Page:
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Madonna Rehabilitation Hospitals

Helmet saves motorcyclist’s life, Madonna rebuilds it

September 07, 2023

Cole Bottger’s life revolves around his need for speed. When he’s not on one of his motorcycles, he’s working at Dillon Brothers Harley-Davidson as a technician.

“I started off with dirt bikes and my dad was a Harley guy, so I just grew up around them,” Cole said.

On his way home from work one July evening, Cole says he remembers stopping to fill up on gas, then waking up in a hospital bed at Nebraska Medicine. He had been struck by a car at an intersection while riding his motorcycle. He sustained several broken bones and a spinal cord injury as a result. However, thanks to his helmet, he did not have serious brain trauma.

“No brain injury, not even a concussion,” he said. “My helmet has scrapes on it, but for getting hit at 45 miles an hour, it could’ve been a lot worse. I still have all my noggin, so that’s always good.”

Cole came to Madonna Rehabilitation Hospitals to heal and regain strength in his affected limbs. Between a neck brace to correct a fractured C7 vertebrae and pain from a broken femur and broken arm, pain limited his mobility.

“He was definitely hesitant at first because the things we ask patients to do in therapy can be scary and very intimidating at first,” Kaylee Wallace, OTR/L, CLT, Cole’s occupational therapist, said. “We ask them to really trust us and try to get to know them on a personal level, which helps build that rapport as well.”

Still, Wallace was surprised to hear Cole didn’t have any brain injuries after his crash. She says it highlights the need to always wear your helmet. Wallace and Cole bonded over their love of motorcycles and, through Madonna’s Work Re-Entry Program, found ways to simulate his work environment during therapy sessions.

“Obviously we always work on things we need Cole to do to be able to go home and go back to the way his life was before, but we also want to incorporate what patients’ personal goals are, and for Cole, that was getting back to work. He loves his job. I knew right from the get-go that would be a focus of ours, to get him back on his feet, to get his arm working, so he can do those mechanical-type tasks and get back to work.”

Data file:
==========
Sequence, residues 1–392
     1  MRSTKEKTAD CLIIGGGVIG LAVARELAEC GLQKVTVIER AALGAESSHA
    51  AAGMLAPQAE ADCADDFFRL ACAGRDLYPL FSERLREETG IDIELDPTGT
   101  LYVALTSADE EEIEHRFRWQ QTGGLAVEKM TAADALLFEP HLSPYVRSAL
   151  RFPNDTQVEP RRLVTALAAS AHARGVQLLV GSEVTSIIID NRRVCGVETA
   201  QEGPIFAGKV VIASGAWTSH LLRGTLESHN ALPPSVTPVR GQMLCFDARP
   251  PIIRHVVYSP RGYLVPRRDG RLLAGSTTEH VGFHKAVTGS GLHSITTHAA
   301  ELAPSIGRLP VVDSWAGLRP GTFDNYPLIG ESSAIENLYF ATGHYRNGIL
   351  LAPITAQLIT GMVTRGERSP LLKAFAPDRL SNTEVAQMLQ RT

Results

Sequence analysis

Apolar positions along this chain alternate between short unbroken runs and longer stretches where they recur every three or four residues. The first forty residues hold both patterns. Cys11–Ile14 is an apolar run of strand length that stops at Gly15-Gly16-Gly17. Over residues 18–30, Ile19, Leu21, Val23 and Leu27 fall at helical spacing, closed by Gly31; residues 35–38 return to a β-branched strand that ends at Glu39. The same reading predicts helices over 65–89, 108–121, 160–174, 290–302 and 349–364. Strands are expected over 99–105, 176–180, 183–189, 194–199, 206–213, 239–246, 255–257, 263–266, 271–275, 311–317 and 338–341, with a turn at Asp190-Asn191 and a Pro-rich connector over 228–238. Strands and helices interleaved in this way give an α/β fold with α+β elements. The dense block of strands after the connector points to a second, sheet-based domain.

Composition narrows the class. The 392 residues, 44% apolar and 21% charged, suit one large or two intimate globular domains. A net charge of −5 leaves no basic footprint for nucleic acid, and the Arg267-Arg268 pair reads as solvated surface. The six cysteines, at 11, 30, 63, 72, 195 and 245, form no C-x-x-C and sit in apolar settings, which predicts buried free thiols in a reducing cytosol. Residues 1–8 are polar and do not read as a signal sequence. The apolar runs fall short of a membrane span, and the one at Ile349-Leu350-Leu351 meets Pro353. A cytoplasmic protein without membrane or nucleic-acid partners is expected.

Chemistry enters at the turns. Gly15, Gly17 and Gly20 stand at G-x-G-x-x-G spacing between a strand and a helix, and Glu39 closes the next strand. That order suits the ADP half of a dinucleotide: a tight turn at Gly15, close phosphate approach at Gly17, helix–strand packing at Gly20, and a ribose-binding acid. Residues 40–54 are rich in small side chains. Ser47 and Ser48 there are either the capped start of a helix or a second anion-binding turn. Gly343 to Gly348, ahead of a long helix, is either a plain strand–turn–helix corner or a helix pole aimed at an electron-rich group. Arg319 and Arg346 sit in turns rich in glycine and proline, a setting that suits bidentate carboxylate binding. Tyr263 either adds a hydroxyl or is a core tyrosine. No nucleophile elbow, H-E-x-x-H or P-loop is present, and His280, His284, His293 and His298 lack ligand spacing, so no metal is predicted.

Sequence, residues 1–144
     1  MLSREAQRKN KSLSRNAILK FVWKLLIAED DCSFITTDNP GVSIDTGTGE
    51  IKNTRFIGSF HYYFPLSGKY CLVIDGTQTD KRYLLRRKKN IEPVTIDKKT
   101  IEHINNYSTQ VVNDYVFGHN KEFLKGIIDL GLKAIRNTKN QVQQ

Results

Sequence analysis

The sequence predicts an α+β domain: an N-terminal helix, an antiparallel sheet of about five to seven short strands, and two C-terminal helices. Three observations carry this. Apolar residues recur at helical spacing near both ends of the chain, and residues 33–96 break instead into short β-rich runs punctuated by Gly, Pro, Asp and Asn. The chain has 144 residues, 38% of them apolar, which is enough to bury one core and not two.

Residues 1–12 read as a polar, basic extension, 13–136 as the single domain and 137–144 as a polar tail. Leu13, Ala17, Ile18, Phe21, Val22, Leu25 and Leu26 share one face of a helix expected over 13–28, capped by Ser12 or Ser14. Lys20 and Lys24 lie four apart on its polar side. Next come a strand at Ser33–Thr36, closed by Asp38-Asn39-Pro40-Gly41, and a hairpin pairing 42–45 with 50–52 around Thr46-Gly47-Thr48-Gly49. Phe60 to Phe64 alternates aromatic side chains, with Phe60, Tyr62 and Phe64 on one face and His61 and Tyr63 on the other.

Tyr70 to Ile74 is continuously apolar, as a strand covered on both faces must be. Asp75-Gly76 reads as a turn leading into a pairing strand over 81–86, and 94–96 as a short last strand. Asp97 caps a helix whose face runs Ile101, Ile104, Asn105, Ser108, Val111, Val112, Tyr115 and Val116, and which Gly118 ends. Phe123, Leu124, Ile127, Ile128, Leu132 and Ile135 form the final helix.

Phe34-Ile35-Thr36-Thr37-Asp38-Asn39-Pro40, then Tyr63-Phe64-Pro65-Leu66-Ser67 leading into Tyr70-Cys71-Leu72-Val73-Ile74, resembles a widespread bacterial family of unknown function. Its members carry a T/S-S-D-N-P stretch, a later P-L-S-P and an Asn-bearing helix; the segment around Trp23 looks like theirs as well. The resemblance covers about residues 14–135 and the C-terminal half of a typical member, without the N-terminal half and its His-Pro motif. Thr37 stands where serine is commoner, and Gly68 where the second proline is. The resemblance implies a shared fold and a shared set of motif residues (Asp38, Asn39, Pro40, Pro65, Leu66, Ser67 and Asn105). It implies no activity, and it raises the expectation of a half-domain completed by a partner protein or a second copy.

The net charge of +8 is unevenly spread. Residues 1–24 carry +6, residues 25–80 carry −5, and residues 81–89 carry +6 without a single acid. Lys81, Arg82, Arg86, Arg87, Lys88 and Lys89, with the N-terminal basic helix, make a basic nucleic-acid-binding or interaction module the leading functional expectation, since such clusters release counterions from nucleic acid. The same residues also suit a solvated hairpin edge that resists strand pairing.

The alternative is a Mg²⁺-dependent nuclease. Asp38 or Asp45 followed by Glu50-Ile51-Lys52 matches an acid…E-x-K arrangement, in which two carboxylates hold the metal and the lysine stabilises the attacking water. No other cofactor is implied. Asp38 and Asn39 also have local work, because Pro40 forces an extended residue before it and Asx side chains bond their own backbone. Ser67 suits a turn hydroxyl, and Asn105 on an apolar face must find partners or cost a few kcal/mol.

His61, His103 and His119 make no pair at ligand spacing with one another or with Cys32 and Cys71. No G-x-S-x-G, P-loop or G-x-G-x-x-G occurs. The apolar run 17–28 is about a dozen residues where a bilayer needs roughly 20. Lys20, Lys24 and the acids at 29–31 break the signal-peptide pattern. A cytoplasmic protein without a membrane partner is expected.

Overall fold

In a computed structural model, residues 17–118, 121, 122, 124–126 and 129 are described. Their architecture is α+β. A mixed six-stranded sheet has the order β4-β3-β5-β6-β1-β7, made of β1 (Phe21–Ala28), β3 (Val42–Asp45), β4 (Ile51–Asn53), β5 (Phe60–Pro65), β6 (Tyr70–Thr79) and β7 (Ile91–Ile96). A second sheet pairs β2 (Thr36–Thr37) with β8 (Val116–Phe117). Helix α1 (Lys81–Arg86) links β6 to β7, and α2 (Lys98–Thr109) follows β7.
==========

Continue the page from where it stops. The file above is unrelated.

Assembly tasks, like a pipe tree and snap circuits, challenged Cole both physically and mentally. He improved his cognition while fine-tuning his balance and stamina.

“The circuits especially are very similar to what he does at work,” Wallace said. “It involves electricity, organization, planning, problem-solving, building things and taking them apart. If there’s an error, he has to figure that out and fix it, so it was perfect.”

The final step to ensuring Cole could safely return to work was a trip to his Harley-Davidson dealership. Wallace says she picked it as a therapeutic outing in conjunction with recreation therapy because it allowed Cole to get comfortable with the idea of returning to work, build his confidence, and to lift his spirits.

“Never thought I’d say I missed work, but I guess I did,” Cole said. “We’re a big family there and everybody cares about each other, which makes it fun.”

Less than a month after his accident, Cole and his employer were anxious to get him back on the job. He was able to step into a modified role as his body continues to heal.

“These guys are like, ‘We’ll find you something really light to do. You can go slow. We just want you there,’ which is awesome,” Cole said. For Wallace, that moment with Cole made an impact she’ll always remember.

“That’s the biggest reward you can have as a therapist, to see that and know your patient is going to be able to do what they want to do and the things they were doing prior to their accident,” Wallace said.

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